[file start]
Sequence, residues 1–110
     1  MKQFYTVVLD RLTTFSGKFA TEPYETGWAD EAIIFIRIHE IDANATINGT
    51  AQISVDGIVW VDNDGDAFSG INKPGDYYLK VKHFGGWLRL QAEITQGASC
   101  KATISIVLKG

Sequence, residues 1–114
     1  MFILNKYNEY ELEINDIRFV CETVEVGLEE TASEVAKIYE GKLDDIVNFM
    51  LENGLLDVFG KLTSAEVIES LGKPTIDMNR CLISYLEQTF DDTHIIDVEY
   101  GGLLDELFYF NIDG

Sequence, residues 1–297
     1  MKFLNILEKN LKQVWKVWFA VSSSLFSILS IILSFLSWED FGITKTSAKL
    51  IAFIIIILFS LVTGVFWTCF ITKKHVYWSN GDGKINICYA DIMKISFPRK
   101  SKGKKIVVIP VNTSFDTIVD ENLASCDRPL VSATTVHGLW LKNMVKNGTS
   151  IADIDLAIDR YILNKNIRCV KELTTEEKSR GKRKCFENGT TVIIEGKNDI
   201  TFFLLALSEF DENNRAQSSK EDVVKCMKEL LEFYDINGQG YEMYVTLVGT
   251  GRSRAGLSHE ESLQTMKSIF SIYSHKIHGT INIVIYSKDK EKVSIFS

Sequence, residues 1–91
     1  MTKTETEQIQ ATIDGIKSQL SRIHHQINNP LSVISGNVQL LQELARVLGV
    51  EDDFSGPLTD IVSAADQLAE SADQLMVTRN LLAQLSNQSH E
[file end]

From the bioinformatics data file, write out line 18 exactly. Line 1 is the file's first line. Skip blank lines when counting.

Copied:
    51  EDDFSGPLTD IVSAADQLAE SADQLMVTRN LLAQLSNQSH E